Please allow 2-3 weeks for delivery!


Peace is not given to us just for ourselves alone.

St. Teresa Benedicta


Biography of Saint Teresa Benedicta
of the Cross (Edith Stein)

St. Edith Stein
Born October 12, 1891
Breslau, German Empire
Died August 9, 1942 (aged 50)
Auschwitz concentration camp, Nazi-occupied Poland
Venerated in Roman Catholicism
Beatified May 1, 1987, Cologne, Germany by Pope John Paul II
Canonized October 11, 1998 by Pope John Paul II
Feast August 9
Attributes Yellow Star of David, flames, a book
Patronage Europe; loss of parents; martyrs; World Youth Day

Edith Stein


Edith Stein (October 12, 1891 – August 9, 1942) was a German-Jewish philosopher, nun, martyr, and is a saint of the Roman Catholic Church. Born into an observant Jewish family but an atheist by her teenage years, she converted to Christianity in 1922, was baptized into the Roman Catholic Church and was received into the Discalced Carmelite Order as a postulant in 1934. Although she moved from Germany to the Netherlands to avoid Nazi persecution, in 1942 she was arrested and sent to the Auschwitz concentration camp, where she died in the gas chamber.

Edith Stein was canonized as Saint Teresia Benedicta of the Cross (her monastic name) by Pope John Paul II in 1998; however, she is often referred to as "Saint Edith Stein".

Stein was born in Breslau (Wrocław), in the German Empire's Prussian Province of Silesia, into an observant Jewish family. Born on October 12, 1891, Edith was a very gifted child who enjoyed learning. She greatly admired her mother's strong faith; however, by her teenage years Stein had become an atheist.
In 1916, she received a doctorate of philosophy from the University of Göttingen, with a dissertation under Edmund Husserl, Zum Problem der Einfühlung (On the Problem of Empathy). She then became a member of the faculty in Freiburg. In the previous year she had worked with Martin Heidegger in editing Husserl's papers for publication, Heidegger being appointed similarly as a teaching assistant to Husserl at Freiburg in October 1916. But she was rejected as a woman with further habilitational studies at the University of Freiburg [2]and failed to successfully reach in a habilitational study "Psychische Kausalität" (Psychic Causality) at the University of Göttingen in 1919.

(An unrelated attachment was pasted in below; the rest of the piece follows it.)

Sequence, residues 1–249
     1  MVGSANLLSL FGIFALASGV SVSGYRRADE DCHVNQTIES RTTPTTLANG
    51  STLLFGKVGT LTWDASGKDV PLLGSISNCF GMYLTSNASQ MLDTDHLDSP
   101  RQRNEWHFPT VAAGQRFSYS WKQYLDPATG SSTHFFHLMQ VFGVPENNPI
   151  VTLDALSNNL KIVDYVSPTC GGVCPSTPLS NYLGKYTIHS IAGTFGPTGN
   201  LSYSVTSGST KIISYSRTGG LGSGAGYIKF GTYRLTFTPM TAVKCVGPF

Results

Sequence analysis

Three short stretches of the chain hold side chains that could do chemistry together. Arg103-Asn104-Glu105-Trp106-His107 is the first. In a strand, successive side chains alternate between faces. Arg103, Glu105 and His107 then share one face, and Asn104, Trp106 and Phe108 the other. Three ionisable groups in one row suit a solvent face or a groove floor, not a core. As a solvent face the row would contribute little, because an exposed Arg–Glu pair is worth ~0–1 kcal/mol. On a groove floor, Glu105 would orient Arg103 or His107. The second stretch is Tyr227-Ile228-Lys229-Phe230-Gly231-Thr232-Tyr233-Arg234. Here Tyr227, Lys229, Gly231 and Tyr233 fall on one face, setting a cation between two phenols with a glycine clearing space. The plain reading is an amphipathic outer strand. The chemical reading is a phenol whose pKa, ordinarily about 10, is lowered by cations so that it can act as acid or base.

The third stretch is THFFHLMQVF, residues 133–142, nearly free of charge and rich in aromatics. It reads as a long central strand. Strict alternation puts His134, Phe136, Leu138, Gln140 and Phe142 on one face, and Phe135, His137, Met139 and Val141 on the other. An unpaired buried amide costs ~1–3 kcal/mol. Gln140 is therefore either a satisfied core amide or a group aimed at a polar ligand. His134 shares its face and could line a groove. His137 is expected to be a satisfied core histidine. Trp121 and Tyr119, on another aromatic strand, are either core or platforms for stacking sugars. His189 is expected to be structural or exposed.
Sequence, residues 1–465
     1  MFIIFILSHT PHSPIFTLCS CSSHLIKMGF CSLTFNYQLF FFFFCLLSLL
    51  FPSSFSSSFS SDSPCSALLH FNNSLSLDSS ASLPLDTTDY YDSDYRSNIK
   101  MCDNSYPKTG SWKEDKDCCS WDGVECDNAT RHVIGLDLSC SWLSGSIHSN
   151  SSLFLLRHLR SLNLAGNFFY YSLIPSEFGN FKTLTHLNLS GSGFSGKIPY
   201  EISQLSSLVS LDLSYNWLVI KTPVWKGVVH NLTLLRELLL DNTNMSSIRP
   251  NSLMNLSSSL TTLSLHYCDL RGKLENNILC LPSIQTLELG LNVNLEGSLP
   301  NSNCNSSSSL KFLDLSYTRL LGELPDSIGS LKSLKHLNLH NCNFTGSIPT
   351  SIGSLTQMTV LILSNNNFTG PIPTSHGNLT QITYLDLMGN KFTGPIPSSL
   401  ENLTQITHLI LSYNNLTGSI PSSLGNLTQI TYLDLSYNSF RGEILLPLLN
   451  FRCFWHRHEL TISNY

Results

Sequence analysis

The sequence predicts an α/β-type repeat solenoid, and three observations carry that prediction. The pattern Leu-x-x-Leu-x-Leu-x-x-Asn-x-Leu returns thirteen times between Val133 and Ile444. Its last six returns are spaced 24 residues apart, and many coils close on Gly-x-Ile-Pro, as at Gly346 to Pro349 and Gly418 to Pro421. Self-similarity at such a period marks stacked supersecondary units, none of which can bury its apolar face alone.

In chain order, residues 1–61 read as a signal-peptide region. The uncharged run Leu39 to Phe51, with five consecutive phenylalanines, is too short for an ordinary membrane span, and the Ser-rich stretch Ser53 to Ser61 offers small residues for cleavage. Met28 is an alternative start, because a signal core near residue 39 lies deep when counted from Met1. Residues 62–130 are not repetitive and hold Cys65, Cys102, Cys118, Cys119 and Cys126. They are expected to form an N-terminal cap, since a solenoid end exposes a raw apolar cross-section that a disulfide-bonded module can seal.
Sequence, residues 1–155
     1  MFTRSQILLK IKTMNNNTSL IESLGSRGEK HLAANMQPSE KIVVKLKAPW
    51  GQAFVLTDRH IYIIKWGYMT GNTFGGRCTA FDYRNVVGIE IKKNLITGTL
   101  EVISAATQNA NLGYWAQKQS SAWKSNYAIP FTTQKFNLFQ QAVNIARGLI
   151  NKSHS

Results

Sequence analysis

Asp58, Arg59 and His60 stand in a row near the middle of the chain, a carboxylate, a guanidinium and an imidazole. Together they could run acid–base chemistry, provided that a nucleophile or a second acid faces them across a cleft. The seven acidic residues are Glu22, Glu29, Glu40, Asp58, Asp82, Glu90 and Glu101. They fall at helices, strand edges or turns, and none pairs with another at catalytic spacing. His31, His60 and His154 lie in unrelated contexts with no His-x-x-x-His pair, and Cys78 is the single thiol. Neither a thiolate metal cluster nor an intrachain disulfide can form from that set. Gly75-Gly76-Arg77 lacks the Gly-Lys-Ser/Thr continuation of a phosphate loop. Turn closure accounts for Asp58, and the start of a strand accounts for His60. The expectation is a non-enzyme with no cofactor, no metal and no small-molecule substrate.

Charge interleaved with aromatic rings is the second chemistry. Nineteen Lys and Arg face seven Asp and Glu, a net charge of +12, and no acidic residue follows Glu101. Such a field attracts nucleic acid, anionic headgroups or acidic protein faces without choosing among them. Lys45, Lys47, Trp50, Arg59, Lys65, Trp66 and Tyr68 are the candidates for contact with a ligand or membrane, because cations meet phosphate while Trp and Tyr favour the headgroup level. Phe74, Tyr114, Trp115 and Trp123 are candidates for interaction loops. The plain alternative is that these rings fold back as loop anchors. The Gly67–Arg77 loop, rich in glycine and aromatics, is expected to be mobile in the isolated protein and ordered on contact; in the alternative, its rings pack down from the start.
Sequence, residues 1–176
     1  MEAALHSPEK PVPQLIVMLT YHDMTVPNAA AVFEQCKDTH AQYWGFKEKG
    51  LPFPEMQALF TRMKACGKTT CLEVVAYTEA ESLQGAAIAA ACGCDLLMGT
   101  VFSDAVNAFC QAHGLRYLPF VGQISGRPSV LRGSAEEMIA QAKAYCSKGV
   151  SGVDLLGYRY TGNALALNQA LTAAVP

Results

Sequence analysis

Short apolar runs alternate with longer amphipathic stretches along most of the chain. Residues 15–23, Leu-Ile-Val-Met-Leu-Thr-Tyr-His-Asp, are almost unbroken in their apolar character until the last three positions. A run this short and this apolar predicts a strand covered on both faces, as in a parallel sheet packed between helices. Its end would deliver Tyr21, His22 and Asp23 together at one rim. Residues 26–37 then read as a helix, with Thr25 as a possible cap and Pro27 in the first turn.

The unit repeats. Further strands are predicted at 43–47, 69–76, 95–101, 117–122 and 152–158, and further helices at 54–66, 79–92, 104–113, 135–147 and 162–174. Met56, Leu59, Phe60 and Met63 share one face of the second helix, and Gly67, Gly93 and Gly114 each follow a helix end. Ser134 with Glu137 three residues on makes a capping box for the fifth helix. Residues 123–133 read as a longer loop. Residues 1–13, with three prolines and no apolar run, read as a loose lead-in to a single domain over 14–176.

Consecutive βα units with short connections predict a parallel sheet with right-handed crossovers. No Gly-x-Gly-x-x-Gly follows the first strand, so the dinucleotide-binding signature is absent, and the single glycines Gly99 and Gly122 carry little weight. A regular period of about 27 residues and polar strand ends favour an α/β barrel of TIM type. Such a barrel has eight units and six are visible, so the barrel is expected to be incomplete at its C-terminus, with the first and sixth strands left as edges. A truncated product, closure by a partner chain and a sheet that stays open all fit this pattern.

While Stein had earlier contacts with Catholicism, it was her reading of the autobiography of the mystic St. Teresa of Ávila on a holiday in Göttingen in 1921 that caused her conversion. Baptized on January 1, 1922, she gave up her assistantship with Husserl to teach at a Dominican girls' school in Speyer from 1922 to 1932. While there, she translated Thomas Aquinas' De Veritate (On Truth) into German and familiarized herself with Catholic philosophy in general and abandoned the phenomenology of her former teacher Husserl for Thomism. She visited Husserl and Heidegger at Freiburg in April 1929, in the same month that Heidegger gave a speech to Husserl (like Stein, a Jewish convert to Christianity) on his 70th birthday. In 1932 she became a lecturer at the Institute for Pedagogy at Münster, but anti-Semitic legislation passed by the Nazi government forced her to resign the post in 1933: the same year in which her former colleague Martin Heidegger became Rector at Freiburg and stated that "The Führer, and he alone, is the present and future law of Germany." In a letter to Pope Pius XI, she denounced the Nazi regime and asked the Pope to openly denounce the regime "to put a stop to this abuse of Christ's name."[3]
Stein's letter received no answer, and it is not known for sure whether Pius XI even read it.[4] However, in 1937, Pope Pius XI issued an encyclical written in German, Mit brennender Sorge, in which he criticized Nazism, listed breaches of an agreement signed between Germany and the Church and condemned anti-semitism.

She entered the Discalced Carmelite monastery St. Maria vom Frieden (Our Lady of Peace) at Cologne in 1933 and took the name Teresia Benedicta a cruce (Teresia Benedicta of the Cross). There she wrote her metaphysical book Endliches und ewiges Sein, which tries to combine the philosophies of Aquinas and Husserl.

To avoid the growing Nazi threat, her order transferred Sr. Teresia Benedicta to the Carmelite monastery at Echt in the Netherlands . There she wrote Studie über Joannes a Cruce: Kreuzeswissenschaft (The Science of the Cross: Studies on John of the Cross). Her testament of June 6, 1939 states, "I beg the Lord to take my life and my death … for all concerns of the sacred hearts of Jesus and Mary and the holy church, especially for the preservation of our holy order, in particular the Carmelite monasteries of Cologne and Echt, as atonement for the unbelief of the Jewish People and that the Lord will be received by his own people and his kingdom shall come in glory, for the salvation of Germany and the peace of the world, at last for my loved ones, living or dead, and for all God gave to me: that none of them shall go astray."

However, Sr. Teresia Benedicta was not safe in the Netherlands—the Dutch Bishops' Conference had a public statement read in all the churches of the country on July 20, 1942, condemning Nazi racism. In a retaliatory response on July 26, 1942, the Reichskomissar of the Netherlands, Arthur Seyss-Inquart, ordered the arrest of all Jewish converts, who had previously been spared. Sr. Teresia Benedicta and her sister Rosa, also a convert, were captured and shipped to the Auschwitz concentration camp, where they were gassed on August 9, 1942 when Edith was 50.[5] They received no numbers, as these were only for prisoners who were to be kept alive to work.